Industrial cycles normally last about 10 years—give or take a year or two. The second industrial cycle after World War II began with the 1957-58 global recession. Given the fact that the industrial cycle lasts about 10 years, we would normally expect the next global downturn to occur around 1967. And indeed 1966-67 saw not only the “mini-recession” in the United States but the recession of 1966-67 in West Germany.
However, in 1967 the U.S. government and the Federal Reserve System were determined to avoid a recession on anything like the scale of the recession a decade earlier. As I explained in last week’s post, the bourgeois Keynesian economists believed that they understood the workings of the capitalist economy well enough to develop the “tools” that would allow the capitalists governments and central banks to avoid full-scale recessions in the future. Indeed in 1967, the U.S. economy escaped with only a “mini-recession.”
But just as the Keynesians were celebrating their final victory over the industrial cycle and its crises, there came the March 1968 run on gold, which led to the collapse of the London Gold Pool. The U.S. government and Federal Reserve System, seeking to stave off the complete collapse of the dollar-gold exchange standard, felt obliged to take deflationary measures. The fed funds rate, which on October 25, 1967, had fallen to as low as 2.00 percent, rose to 5.13 percent on March 15, 1968, the day the gold pool collapsed.
Read more …
Thanks to the economic crisis of 1957-61, the U.S. economy entered the decade of the 1960s with high levels of unemployment and excess capacity. The millions of unemployed workers and idle plants and machines meant that industrial production could increase rapidly in response to rising demand.
Since supply was increasing almost as fast as demand, prices rose very slowly. At least according to the official U.S. producer price index, prices hardly changed between 1960 and 1964.
As is typical of the phase of average prosperity of the industrial cycle, long-term interest rates rose very slowly. Still, at around 4 percent or slightly higher they had risen significantly since the Korean War days. Back then, the Truman administration still expected to borrow money long term at less than 2.5 percent. Slowly but surely long-term interest rates were eating into the profit of enterprise.
The 1960s economic boom begins
During most of the early 1960s, the U.S. economy was passing through the phase of average prosperity that precedes the boom. But starting in 1965, the industrial cycle entered the boom phase proper.
The transition from average prosperity to boom is part of the industrial cycle. However, in the mid-1960s this transition was helped along by government economic policies. These were, first, the Kennedy-Johnson tax cut of 1964 combined with the rapid escalation the war against Vietnam. After remaining virtually unchanged through 1964, the official U.S. producer price index suddenly surged 3.5 percent in 1965. That was the year the escalation of the Vietnam War began in earnest.
Read more …
About five industrial cycles have occurred on the world market since 1945. The first industrial cycle that can be traced after 1945 is the cycle of 1948-1957. The second extends from 1957 to 1968. When we speak of the post-World War II economic “boom,” we really mean the first two full industrial cycles after World War II, which were characterized by great capitalist prosperity.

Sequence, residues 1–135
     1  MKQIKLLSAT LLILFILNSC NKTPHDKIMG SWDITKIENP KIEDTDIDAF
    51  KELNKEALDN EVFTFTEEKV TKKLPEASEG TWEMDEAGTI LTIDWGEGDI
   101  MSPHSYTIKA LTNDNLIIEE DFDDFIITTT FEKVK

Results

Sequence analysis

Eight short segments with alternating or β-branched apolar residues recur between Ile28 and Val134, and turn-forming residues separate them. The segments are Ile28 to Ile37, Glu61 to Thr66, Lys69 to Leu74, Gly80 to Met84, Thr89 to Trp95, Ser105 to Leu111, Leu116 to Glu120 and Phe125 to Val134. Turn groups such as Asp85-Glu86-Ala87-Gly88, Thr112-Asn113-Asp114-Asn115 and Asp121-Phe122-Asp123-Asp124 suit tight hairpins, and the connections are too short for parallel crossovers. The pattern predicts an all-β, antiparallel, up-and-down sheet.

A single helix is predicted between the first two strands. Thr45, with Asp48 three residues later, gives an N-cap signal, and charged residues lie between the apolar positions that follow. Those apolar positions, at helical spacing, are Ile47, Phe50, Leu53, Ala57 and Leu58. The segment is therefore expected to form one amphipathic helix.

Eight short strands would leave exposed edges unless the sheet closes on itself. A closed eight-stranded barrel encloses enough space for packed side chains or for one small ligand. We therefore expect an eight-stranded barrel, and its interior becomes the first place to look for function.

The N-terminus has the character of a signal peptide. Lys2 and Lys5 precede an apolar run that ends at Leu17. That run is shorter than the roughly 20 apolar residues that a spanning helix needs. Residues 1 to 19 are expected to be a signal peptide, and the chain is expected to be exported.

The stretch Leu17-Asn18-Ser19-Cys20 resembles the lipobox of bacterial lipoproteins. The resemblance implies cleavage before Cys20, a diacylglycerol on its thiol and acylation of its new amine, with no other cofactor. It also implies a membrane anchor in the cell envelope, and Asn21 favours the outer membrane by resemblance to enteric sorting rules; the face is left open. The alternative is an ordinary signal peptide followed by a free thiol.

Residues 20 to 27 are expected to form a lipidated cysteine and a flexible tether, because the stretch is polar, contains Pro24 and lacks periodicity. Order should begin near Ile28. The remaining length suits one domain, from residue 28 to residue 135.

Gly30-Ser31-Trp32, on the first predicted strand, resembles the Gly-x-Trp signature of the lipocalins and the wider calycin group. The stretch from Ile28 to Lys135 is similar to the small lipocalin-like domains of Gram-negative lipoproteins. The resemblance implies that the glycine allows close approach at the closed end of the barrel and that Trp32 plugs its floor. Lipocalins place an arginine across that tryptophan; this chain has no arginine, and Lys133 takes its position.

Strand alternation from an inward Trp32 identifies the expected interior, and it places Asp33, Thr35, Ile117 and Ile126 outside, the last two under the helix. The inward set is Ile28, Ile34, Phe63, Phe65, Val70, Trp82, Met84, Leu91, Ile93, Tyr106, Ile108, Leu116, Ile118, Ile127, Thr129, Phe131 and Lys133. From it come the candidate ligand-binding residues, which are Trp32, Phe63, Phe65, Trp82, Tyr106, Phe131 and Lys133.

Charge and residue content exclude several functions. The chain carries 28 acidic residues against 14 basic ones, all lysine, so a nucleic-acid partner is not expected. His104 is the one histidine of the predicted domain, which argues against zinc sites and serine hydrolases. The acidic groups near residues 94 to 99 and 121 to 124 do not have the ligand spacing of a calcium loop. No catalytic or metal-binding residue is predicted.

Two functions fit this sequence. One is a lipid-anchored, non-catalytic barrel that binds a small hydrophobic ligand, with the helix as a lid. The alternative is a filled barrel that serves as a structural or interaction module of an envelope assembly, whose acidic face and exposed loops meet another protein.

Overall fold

Between 1968 and 1982, there were no complete industrial cycles. Indeed, the entire period from 1968 to the end of 1982 can arguably be seen as one drawn-out crisis with fluctuations or sub-cycles within it. The normal 10-year cycle resumed in the 1980s, peaking around 1990.
The industrial cycle that began with the 1990 recession peaked between 1997 and 2000. The crisis that ended that industrial cycle actually began with the run on the Thai baht in July 1997, though the U.S. economy didn’t enter recession until 2000. The industrial cycle that began with with the July 1997 run on the Thai currency ended 10 years later with the August 2007 global credit panic, which began in the United States and then spread around the world.
These cycles do not correspond to the National Bureau of Economic Research dates. The NBER is a group of bourgeois economists who decide the “official” periods of what they call “expansions” and “contractions.”
Read more …
The coming of World War II and the end of the Great Depression
According to the conventional wisdom, it was World War II that brought the Depression to an end. At least as far the United States is concerned, it is indeed true that it was the war mobilization that finally ended the mass unemployment that had existed since the fall of 1929.
Mass unemployment that was lingering in the United States as late as 1941 gave way to the “war prosperity” that the United States enjoyed during World War II. As far as many, perhaps most, Americans were concerned—the exception being those who faced actual combat—the wartime shortages and rationing, and even the rigors of military service, were a relief from the chronic idleness and hopelessness that had marked the Depression years.
Lives and careers that had been put on hold through the Depression decade could finally get back on track. People who had not been able to get any meaningful job during the 1930s could finally get jobs, get married, and start to raise families. This is the reason why the United States experienced a baby boom when the war ended.
As I have explained in earlier posts, a full-scale war economy is very different than the boom phase of the industrial cycle, even if both a boom and a war economy reduce or eliminate unemployment. The shift of the United States to an all-out war economy starting in 1942 implied a net consumption of the value of capital in the United States rather than the accumulation of capital that occurs during the boom phase of the industrial cycle.
Read more …